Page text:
This collection explores the impact of Richard Dawkins as scientist, rationalist and one of the most important thinkers alive today. Specially commissioned pieces by leading figures in science, philosophy, literature, and the media, such as Daniel C. Dennett, Matt Ridley, Steven Pinker, Philip Pullman and the Bishop of Oxford, highlight the breadth and range of Dawkins' influence on modern science and culture, from the gene's eye view of evolution to his energetic engagement in public debates on science, rationalism, and (...) religion. The volume includes personal reminiscences and critical debate as well as accessible discussions of science – it provides a stimulating tribute to a remarkable intellectual. (shrink)
Psychologists have had very little to say about things. Things are one thing, people are another. There is now, however, a growing recognition of the importance of things within human psychology. But, in cognitive theory, the meanings of things are usually radically subjectivized. ‘Their’ meanings are really ‘our’ meanings that we mentally project upon them. James Gibson’s concept of affordances was an attempt to avoid subject–object dualism by defining the meanings of things-what we can do with them-as properties of the (...) object but defined relative to the agent. Critics have rightly objected that Gibson himself, nevertheless, overly objectified or reified affordances. Yet the affordances of many objects in the human world are objective, or, better, impersonal. The present chapter, however, is concerned with such ‘canonical affordances’-the things that things are for. But, as it argues, this kind of ‘objectivity’ must itself be understood in relation to other objects and events, and other people. (shrink)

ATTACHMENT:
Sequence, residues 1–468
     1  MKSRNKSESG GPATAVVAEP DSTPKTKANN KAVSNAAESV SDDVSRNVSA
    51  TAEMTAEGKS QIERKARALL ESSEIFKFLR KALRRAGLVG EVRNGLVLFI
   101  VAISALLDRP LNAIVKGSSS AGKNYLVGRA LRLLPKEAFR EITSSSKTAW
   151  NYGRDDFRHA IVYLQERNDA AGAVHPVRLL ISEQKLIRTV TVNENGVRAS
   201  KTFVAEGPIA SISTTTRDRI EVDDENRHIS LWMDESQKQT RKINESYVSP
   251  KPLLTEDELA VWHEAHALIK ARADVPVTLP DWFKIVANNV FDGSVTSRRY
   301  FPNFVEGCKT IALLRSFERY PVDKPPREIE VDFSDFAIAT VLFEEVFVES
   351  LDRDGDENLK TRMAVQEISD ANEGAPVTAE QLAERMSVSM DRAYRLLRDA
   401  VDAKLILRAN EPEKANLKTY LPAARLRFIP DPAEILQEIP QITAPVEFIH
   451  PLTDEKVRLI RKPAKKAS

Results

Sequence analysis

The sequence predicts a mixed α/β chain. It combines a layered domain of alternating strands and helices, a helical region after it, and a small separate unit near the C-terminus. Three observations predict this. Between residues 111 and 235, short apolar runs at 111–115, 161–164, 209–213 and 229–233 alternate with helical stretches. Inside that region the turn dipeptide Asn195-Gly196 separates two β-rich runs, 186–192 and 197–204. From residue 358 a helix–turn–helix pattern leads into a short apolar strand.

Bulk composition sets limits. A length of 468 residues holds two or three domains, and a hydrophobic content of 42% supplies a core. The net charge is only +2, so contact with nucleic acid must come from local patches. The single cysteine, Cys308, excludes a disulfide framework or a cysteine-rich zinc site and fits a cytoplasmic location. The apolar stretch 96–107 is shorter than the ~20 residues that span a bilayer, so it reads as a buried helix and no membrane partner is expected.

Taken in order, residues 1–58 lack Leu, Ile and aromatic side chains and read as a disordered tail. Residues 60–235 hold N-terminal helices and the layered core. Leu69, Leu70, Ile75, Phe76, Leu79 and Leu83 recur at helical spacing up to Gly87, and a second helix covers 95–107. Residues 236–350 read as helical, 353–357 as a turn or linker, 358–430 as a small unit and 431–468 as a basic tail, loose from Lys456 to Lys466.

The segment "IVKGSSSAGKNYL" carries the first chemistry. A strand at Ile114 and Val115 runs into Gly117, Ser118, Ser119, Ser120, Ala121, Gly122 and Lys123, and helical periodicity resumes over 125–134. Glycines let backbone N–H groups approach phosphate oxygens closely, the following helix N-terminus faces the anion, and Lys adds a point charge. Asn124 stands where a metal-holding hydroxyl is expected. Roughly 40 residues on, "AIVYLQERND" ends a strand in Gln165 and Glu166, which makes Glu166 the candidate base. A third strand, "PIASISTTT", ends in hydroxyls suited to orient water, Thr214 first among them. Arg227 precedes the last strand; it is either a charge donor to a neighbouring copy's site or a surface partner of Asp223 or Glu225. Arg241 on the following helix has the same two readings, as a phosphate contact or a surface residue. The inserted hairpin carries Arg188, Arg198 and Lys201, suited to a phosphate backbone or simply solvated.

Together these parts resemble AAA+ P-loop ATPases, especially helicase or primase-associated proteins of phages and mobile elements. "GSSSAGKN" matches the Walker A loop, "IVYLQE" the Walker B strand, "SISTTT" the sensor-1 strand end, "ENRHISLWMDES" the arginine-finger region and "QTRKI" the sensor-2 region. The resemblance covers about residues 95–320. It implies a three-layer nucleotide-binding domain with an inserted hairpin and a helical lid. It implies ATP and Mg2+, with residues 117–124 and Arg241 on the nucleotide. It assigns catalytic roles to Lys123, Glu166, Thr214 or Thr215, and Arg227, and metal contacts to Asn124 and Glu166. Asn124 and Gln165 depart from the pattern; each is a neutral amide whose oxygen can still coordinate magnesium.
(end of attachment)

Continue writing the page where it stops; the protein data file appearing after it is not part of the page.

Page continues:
Metaphysics and language: Quine, W. V. O. On the individuation of attributes. Körner, S. On some relations between logic and metaphysics. Marcus, R. B. Does the principle of substitutivity rest on a mistake? Van Fraassen, B. C. Platonism's pyrrhic victory. Martin, R. M. On some prepositional relations. Kearns, J. T. Sentences and propositions.--Basic and combinatorial logic: Orgass, R. J. Extended basic logic and ordinal numbers. Curry, H. B. Representation of Markov algorithms by combinators.--Implication and consistency: Anderson, A. R. Fitch on (...) consistency. Belnap, N. D., Jr. Grammatical propaedeutic. Thomason, R. H. Decidability in the logic of conditionals. Myhill, J. Levels of implication.--Deontic, epistemic, and erotetic logic: Bacon, J. Belief as relative knowledge. Wu, K. J. Believing and disbelieving. Kordig, C. R. Relativized deontic modalities. Harrah, D. A system for erotetic sentences. (shrink)